National Sport And Recreation Amendment Bill: briefing

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Meeting report

EDUCATION AND RECREATION SELECT COMMITTEE

EDUCATION AND RECREATION SELECT COMMITTEE
6 June 2007
NATIONAL SPORT AND RECREATION AMENDMENT BILL: BRIEFING

Chairperson:
Mr B Tolo (ANC Mpumalanga)

Documents handed out:
National Sport and Recreation Amendment Bill presentation
National Sport and Recreation Amendment Bill [B17B-2006]
National Sport and Recreation Amendment Bill [B17-2006]

Audio Recording of the Meeting

SUMMARY
The Department of Sport and Recreation acknowledged awareness of rumours going around that the Bill was perceived to be unconstitutional because it allowed the Minister to intervene in any dispute or alleged mismanagement that brought a sport or recreational activity into dispute. The Bill would allow the Minister to direct Sport and Recreation South Africa to refrain from funding federations that failed to comply with the decisions of mediators or directives from the Minister. The Department stated that the intention of the Bill was to seek the true base of the Constitution and the Bill was geared to sport transformation in the country.

MINUTES
Mr Arthur Manthatha, Director: Legal Services of Sports and Recreation South Africa, introduced the briefing, saying that the department was aware of rumours going around that the Bill was perceived to be unconstitutional. He nevertheless assured the Committee that it was from the outset, the intention of the Bill to seek the true base of the Constitution and achieve, according to international standards, what needed to be done. He also stressed the fact that the Bill was geared to sport transformation in the country.

Mr Gideon Boshoff, Legal Advisor to the Department, said that the Bill was intended to amend the National Sport and Recreation Act of 1998, to align its contents with the new governance structure of sport in South Africa. It provided for the deletion of the South African Sport Commission, the National Sport Commission, the National Olympic Committee of South Africa (NOCSA) and other structures that had been closed down and recognized the Sports Confederation as the only non-governmental macrostructure for sport in South Africa. The Bill also conferred certain responsibilities that used to resort under NOCSA on the Sports Confederation.

Mr Boshoff explained the decision to use the generic description of a Sport Confederation in the new sport structure in South Africa instead of the South African Sports Confederation and Olympic Committee (SASCOC).This would have the effect that SASCOC would not have to be amended as the Sports Confederation was inclusive of that role. The Bill also conferred certain responsibilities that used to resort under NOCSA to the Sports Confederation. He explained that one of the most important shortcomings in the governance of sport in South Africa was that the Minister had no authority to carry out his responsibilities but had to rely on the support and good will of the different sport federations.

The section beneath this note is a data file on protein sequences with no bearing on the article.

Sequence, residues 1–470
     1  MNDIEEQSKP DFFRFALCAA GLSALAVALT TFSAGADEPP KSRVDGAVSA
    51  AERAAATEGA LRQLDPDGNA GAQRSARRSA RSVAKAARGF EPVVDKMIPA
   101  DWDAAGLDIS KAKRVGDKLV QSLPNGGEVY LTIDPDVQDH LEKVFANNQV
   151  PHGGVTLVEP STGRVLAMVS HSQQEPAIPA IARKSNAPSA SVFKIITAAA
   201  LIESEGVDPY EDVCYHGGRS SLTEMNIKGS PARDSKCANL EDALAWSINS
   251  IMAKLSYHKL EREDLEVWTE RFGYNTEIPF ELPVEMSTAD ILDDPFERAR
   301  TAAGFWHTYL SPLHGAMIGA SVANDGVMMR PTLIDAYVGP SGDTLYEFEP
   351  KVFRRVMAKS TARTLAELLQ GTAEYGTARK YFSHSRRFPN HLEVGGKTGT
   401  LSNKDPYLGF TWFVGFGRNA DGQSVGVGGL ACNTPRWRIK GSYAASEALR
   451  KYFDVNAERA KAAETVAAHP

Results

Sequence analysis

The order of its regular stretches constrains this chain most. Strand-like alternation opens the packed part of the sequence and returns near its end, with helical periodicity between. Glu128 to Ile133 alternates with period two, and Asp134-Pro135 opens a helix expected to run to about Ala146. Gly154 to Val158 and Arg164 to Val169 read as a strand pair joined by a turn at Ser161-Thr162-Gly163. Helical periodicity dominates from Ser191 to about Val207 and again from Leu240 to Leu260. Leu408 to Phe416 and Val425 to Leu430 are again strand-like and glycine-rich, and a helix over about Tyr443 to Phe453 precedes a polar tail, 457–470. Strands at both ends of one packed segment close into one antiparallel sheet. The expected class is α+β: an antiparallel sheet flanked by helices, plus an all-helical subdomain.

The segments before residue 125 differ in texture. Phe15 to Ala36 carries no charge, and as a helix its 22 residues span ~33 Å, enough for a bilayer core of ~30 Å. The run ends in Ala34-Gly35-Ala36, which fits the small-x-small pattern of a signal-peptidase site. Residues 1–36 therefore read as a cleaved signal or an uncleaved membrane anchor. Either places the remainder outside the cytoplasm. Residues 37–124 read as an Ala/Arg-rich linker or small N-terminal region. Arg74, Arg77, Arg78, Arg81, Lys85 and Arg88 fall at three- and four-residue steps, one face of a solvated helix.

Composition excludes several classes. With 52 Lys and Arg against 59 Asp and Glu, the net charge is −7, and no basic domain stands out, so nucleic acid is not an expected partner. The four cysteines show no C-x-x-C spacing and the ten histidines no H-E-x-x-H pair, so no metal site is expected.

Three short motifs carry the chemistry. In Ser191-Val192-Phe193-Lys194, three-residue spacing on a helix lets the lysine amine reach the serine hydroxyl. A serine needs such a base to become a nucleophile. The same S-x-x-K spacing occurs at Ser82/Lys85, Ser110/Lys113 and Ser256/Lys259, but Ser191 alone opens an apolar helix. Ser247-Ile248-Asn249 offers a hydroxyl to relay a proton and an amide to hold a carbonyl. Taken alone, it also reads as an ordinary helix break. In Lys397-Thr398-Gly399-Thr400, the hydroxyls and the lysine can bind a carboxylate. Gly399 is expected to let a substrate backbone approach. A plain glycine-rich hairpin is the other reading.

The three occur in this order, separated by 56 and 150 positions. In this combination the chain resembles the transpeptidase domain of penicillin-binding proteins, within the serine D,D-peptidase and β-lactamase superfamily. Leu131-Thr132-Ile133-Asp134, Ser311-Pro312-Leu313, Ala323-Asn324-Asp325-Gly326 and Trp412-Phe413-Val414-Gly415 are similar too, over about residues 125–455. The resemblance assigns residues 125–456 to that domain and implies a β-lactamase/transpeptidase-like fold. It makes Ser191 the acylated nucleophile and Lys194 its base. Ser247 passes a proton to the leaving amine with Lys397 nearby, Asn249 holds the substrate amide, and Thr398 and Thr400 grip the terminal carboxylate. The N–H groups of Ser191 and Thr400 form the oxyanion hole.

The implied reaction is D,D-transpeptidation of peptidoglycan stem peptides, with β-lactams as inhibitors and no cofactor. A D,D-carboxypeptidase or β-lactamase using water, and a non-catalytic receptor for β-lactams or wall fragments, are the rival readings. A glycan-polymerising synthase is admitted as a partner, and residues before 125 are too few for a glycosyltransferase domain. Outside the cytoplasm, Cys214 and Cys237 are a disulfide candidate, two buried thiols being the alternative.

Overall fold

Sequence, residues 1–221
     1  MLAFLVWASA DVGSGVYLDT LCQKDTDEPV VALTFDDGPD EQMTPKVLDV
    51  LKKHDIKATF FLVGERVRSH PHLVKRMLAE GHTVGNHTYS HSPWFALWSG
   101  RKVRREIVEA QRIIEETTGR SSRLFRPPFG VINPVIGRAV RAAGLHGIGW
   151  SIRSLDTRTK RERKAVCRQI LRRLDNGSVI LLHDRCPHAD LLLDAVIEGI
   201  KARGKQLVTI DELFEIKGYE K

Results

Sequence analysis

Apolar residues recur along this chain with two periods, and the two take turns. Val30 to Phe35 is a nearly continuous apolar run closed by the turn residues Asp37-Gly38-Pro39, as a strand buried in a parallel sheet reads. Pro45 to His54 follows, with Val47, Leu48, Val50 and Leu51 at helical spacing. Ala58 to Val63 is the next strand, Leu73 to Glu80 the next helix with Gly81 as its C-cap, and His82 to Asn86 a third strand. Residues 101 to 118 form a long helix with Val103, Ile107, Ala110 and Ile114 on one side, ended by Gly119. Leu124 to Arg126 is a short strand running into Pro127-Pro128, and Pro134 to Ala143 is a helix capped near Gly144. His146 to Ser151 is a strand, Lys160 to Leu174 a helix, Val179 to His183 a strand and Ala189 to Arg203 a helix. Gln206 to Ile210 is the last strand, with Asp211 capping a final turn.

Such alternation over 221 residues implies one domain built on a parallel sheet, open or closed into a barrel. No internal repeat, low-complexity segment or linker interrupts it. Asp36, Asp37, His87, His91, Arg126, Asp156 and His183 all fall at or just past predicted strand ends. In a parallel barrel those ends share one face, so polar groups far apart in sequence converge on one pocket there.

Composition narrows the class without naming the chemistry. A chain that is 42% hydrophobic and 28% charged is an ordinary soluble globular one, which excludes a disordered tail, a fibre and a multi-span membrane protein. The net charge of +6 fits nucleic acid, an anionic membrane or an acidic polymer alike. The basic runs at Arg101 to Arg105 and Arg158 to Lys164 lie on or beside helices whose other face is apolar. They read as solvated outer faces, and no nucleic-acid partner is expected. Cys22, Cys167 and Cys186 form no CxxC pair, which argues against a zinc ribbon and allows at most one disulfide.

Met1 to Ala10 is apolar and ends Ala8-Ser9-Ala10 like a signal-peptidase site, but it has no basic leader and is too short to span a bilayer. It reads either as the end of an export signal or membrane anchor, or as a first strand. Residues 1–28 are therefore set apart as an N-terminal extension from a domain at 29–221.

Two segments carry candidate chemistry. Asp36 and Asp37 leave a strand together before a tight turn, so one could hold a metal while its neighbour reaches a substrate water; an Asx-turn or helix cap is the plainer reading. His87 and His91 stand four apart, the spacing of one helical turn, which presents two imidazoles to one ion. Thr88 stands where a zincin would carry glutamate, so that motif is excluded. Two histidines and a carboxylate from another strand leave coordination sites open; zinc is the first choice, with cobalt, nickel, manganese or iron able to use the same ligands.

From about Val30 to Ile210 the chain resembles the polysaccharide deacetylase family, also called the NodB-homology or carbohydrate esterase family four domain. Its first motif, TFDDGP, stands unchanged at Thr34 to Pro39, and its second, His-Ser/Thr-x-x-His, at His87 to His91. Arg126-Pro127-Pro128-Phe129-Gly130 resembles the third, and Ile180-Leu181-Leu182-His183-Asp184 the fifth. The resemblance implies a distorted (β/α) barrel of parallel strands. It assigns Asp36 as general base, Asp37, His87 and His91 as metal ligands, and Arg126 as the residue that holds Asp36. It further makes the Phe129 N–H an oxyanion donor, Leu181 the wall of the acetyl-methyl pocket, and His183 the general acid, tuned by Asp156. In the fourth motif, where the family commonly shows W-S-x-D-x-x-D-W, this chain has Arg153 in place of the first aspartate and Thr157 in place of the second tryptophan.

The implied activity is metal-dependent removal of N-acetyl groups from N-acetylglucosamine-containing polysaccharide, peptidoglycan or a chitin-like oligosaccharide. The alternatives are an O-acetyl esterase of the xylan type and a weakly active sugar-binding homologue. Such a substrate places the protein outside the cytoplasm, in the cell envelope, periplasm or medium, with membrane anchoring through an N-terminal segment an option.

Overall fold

Mr Boshoff outlined the powers to be given to the Minister. Regarding intervention, it was stressed that the Minister would react in the national interest on matters of a serious nature and not on trivial matters. He added that after attending public hearings in the provinces around the country, consideration was given to include various proposed amendments to the Bill. Regarding the total amount of funding that would be utilised for club development, Mr Boshoff mentioned the problem encountered with the Constitution regarding the right to privacy and how this issue had been addressed.

Mr Boshoff briefed the Committee on the inputs received from the provincial public hearings and explained some of the proposed amendments drafted as a result of these hearings..

Discussion
The Chairperson reminded the Committee that the intention of the briefing was to get clarity on the Bill and not to discuss the merits of the Bill.

Mr M Sulliman (ANC Nothern Cape) raised the issue of amendments. He queried the absence of the State Law Advisors and enquired if the amendments proposed would have direct impact on the Bill. He also requested clarification on why certain provinces had been sidelined or not consulted during the public hearings.

Mr Boshoff apologized for the absence of the State Law Advisor and explained that she was attending another meeting. Regarding consultation, he was not sure whether the provincial committee programmes did not allow for it.